Our friends, Judy and Roy, and Mike all supported my quest to get my National Park passport stamped wherever possible. It never failed in helping us find interesting places to visit and edifying history lessons. Montezuma Castle and Well were no different.
Nestled in the Verde Valley of Arizona along Beaver Creek is a 20-room castle built into a tall and steep cliff. This may not match the modern day definition of castle, as it was home to the Sinagua people who inhabited and thrived in the area 600 years ago.
Below are photos of a diorama of how the structure may have looked when the Sinagua people inhabited the area. It shows them working and managing resources to sustain daily life.
Eleven miles down the road is Montezuma Well National Monument. It is a natural limestone sinkhole fed by an underground spring. The water is highly carbonated and contains high levels of arsenic. The alkalinity precludes normal fish and wildlife to exist in the waters, but there are five indigenous species living exclusively in the Well. These include species of snails, scorpions, and leeches which exist nowhere else. There is no swimming in Montezuma’s Well and it was used mainly for irrigation over the hundreds of years of existence. It was formed around 600 AD. The local Yavapai Native American tribe call it Hakthkyava, and it is a deeply sacred site because they believe it was where their people emerged.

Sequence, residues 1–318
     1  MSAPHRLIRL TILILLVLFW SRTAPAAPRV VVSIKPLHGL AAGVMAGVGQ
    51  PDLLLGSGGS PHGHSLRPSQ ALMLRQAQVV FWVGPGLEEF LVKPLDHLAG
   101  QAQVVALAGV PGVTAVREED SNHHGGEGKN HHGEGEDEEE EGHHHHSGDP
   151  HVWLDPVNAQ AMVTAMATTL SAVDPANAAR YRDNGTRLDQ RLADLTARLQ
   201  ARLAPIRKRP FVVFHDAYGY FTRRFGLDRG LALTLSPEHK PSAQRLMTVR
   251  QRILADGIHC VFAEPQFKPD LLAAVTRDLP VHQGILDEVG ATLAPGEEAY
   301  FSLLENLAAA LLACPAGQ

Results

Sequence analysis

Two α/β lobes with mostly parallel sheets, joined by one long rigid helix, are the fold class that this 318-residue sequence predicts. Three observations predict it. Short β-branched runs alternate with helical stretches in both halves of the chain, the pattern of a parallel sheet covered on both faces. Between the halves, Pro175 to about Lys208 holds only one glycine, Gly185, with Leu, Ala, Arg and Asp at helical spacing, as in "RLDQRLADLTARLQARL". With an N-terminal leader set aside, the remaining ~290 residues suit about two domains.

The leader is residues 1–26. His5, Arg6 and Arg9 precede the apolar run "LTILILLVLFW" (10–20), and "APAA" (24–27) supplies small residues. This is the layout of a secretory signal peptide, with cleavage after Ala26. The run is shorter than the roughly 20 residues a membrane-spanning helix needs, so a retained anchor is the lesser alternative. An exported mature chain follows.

We had a wonderful day exploring the homes and resources of the Sinagua people and the tribes who inhabited the area after them. Both sites have beautiful views and interesting plant and animal life.
Have you visited Montezuma Castle or Well? Since it wasn’t an Aztec site and Montezuma was never there, were you curious how they got their names?
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